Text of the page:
Littlefield Says Key Focus for U.S. Marine Insurers is to Improve Combined Ratio, Secure Ports

November 25, 2002

While the marine insurance industry has performed slightly better than the overall property/casualty market in recent years, the business is still navigating in some extremely stormy seas. That’s the assertion of Deirdre Littlefield, outgoing chairman of the American Institute of Marine Underwriters (AIMU) who, in addressing the AIMU annual meeting recently, said the U.S. market’s success is tied to both achieving an industry-wide combined ratio of 91.6 percent and ensuring that trade security is made a global priority.

In discussing a return to profitability, Littlefield, who serves as Swiss Re Americas Division senior vice president and business unit head of Special Lines, said her outlook is buoyed by the combined ratio of the U.S. marine market’s two largest lines representing more than 50 percent of U.S. net written premium – cargo (86.1) and yacht (93.4).

Additionally, AIMU reports its members posted a combined ratio of 98.9 percent, representing an improvement from the nearly 102 percent combined ratio in 2000. Still, Littlefield said, the industry has a long way to go to achieve a combined ratio below 91.6 percent, “the magic number needed to cover capital costs.”

“It’s difficult to say what the final results will be for our industry 2002, as there are some wild cards,” Littlefield said, citing the long-lasting West Coast port strike, the effects of a bridge collision in Oklahoma and several other recent large losses.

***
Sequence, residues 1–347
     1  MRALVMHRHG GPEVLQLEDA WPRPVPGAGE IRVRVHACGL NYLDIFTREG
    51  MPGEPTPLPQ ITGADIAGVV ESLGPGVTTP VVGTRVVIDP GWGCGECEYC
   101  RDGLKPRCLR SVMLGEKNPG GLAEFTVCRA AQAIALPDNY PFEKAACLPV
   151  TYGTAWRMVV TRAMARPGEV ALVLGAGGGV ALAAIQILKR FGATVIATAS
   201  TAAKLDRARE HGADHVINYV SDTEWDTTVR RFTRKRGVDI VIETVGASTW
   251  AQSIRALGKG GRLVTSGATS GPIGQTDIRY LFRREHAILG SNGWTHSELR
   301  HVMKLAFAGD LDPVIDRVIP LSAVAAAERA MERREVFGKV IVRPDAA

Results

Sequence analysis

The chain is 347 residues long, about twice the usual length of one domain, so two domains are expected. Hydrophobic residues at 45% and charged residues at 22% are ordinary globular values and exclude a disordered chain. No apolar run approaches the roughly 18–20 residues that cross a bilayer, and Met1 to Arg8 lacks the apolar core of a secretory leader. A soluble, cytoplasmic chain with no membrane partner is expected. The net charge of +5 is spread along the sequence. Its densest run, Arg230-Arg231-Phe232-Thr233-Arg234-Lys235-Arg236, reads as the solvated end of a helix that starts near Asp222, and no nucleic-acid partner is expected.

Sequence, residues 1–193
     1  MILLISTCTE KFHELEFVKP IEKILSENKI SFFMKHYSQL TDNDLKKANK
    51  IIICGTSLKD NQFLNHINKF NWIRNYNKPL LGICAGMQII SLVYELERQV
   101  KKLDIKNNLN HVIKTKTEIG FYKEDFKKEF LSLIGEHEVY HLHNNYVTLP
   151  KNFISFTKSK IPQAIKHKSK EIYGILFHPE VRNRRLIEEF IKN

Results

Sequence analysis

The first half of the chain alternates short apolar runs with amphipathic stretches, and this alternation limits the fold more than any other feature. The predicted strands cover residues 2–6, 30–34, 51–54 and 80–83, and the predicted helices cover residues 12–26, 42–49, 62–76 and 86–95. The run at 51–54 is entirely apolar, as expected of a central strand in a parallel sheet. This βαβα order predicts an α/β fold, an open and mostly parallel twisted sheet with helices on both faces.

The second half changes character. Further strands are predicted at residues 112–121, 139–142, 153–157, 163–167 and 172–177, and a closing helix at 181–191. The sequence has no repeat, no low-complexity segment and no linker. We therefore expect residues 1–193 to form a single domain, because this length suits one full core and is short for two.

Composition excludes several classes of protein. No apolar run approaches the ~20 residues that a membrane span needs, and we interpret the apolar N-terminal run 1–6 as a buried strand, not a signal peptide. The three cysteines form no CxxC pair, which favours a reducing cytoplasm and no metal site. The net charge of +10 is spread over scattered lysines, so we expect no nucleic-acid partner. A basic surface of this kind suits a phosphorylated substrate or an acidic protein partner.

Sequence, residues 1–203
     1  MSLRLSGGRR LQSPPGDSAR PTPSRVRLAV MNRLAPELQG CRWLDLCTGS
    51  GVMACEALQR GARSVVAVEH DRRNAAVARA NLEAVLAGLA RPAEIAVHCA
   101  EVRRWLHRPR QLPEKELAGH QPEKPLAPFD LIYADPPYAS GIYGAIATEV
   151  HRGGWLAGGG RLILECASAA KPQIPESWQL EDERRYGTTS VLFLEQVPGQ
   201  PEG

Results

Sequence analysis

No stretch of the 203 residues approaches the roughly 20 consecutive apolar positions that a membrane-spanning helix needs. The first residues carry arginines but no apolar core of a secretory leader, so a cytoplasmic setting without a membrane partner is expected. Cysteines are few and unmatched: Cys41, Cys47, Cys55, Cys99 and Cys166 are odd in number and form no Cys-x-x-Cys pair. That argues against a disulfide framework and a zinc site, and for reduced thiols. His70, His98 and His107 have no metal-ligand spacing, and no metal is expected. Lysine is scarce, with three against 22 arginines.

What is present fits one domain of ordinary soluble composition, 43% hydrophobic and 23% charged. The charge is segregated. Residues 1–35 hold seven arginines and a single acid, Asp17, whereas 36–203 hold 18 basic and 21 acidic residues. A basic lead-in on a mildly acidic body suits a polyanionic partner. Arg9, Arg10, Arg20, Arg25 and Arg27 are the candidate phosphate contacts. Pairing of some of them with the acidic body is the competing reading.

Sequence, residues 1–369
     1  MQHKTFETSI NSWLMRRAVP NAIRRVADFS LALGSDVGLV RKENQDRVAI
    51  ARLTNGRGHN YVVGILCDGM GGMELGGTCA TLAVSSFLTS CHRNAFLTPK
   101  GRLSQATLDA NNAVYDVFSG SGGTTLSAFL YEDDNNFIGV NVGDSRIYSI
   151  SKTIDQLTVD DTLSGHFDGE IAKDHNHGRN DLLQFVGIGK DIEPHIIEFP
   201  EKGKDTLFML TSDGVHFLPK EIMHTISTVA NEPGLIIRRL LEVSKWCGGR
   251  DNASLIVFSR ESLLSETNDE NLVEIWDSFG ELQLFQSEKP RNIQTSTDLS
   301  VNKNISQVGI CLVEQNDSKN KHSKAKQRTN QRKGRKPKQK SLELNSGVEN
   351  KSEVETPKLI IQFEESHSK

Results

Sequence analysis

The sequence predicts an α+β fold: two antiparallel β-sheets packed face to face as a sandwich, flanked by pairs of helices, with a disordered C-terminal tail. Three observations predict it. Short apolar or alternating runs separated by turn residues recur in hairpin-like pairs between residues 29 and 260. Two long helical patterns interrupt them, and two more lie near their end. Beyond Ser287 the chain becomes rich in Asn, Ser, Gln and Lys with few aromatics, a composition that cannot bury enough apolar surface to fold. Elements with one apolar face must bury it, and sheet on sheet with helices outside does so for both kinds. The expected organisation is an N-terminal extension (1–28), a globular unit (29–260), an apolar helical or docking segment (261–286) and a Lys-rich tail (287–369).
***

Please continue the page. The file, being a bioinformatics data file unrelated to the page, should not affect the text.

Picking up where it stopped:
“I believe the market has at least kept pace with the rest of the P/C industry in moving to secure more adequate pricing,” Littlefield said. “Our operations are well capitalized, and risks will continue to gravitate toward marine carriers with financial strength. I believe that gives U.S. marine underwriters a competitive edge.”

Nonetheless, Littlefield still points to the Maritime Security Bill, recently passed by both the House and Senate as a key to ensuring that “our seaports do not remain vulnerable to terrorist activity.”

Among the key elements of the bill:

* Implementation of a comprehensive maritime security plan with specific area plans.
* Security systems of foreign ports to be assessed. Legislature to
include unilateral authority for the U.S. to deny entry to vessels from
ports that do not maintain effective security.
* Vessel personnel and workers in designated port areas will be required to have transportation security cards issued by the Department of Transportation.
* Provides for cargo tracking, identification and a screening system for containers shipped to and from the U.S. directly or through a foreign port.

“For many years, marine insurers have been at the forefront of the effort to improve port security, and we will continue to play a significant role in that effort to push back borders.” Littlefield added.

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